But they have to encounter this in people who believe it, love it, live it and practise it as the basis of their teaching it. We can have the best available religion syllabus, the best catechetical texts and resources, but in the end it comes down to my example, the priests' example, the parents example, and your example.

Our schools are religious schools. They exist as part of the educational apostolate of the Catholic Church. They promote love and loyalty to Jesus Christ and His Church. If we have a true sense of the Church, we will see Christ and His Mystical Body the Church as a single reality. One does not exist without the other.

Our Lord did not only give us words: He acted on them and the result was the foundation of His Church as His working body, gathered around the apostles who would carry his words to the farthest reaches of time and space. In the image of the house solidly founded on rock we have His image of His Church, which again appears nine chapters later in St Matthew's Gospel when by the Lord's own commission that Church is built upon Peter the rock.

She is Christ's beloved spouse. She passes through the ebbs and flows of human history; she adapts and changes in response to the needs of an age or a culture, but remains always recognisably the same in her doctrine, her discipline and her worship. She is glorious in the holiness of her saints, yet stained and defiled by the sins of her members. She suffers persecution or apostasy in one place, but in another is baptising the thousands and ordaining new priests by the hundreds.

Challenge

Let us never forget or even underestimate this objective reality and strength and supernatural resourcefulness of the Church. Let us never reduce her faith and teaching to a mere 'ethos', or think of her living voice and tradition as if these were merely the sum-total of "what Catholics believe."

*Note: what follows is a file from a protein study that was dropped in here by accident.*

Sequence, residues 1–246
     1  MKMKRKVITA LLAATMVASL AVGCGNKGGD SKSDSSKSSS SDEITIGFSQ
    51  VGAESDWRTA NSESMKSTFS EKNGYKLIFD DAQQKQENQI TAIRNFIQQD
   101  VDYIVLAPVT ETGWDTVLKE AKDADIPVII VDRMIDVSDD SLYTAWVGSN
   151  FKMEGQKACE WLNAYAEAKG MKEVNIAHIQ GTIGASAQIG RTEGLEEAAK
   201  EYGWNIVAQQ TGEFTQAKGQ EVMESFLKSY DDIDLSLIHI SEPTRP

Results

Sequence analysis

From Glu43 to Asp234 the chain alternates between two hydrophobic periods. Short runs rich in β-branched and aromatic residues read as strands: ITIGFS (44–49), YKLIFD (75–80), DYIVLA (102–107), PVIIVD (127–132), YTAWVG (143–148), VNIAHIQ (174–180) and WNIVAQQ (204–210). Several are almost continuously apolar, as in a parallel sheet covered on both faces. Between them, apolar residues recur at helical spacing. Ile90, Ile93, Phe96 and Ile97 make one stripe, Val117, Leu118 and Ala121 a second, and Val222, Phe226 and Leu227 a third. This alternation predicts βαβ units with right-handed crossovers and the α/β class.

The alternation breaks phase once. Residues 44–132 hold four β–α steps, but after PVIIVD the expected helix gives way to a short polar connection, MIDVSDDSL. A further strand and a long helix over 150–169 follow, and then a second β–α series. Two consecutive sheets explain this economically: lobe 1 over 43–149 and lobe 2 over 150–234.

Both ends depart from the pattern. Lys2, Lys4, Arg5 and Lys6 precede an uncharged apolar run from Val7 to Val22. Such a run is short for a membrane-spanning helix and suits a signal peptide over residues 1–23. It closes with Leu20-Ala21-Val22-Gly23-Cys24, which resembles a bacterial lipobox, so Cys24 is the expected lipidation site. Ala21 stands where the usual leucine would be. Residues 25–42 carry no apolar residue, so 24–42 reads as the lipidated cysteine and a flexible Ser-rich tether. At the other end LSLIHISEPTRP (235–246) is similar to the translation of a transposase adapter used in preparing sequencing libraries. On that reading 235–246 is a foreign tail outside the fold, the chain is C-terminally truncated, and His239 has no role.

The Church, the Faith, the Mass, the Sacraments are pure gift. Could we honestly think of them as ours to cut and paste, delete or add, criticise or change to fit in with the fashions and fads of what's in or what's cool, or what's easy on the ears or the lifestyle. The Faith is a challenge for those who are alert and awake, not a soporific for those content to waft away on their own custom-crafted spirituality.

After the priests and the Christian parents, there is no one in the diocese that the bishop looks to more than to those who lead the work of Christian education. You are the men and women who participate in a stable way in his apostolic responsibility to hand on the faith once delivered to the saints, and to call forth from among the young a new generation of saints and apostles to continue the Church's mission.

This is the edited text of a homily given by the Most Rev Geoffrey Jarrett, Bishop of Lismore, in St Carthage's Cathedral on 1 December 2005 at the commissioning of new school Principals appointed for 2006.